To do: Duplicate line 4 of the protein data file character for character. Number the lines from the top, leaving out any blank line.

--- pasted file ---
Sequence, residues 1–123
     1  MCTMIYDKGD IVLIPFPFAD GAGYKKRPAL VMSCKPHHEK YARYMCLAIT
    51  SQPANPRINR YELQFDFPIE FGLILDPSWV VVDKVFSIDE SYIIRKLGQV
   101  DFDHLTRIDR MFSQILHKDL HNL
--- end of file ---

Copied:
   101  DFDHLTRIDR MFSQILHKDL HNL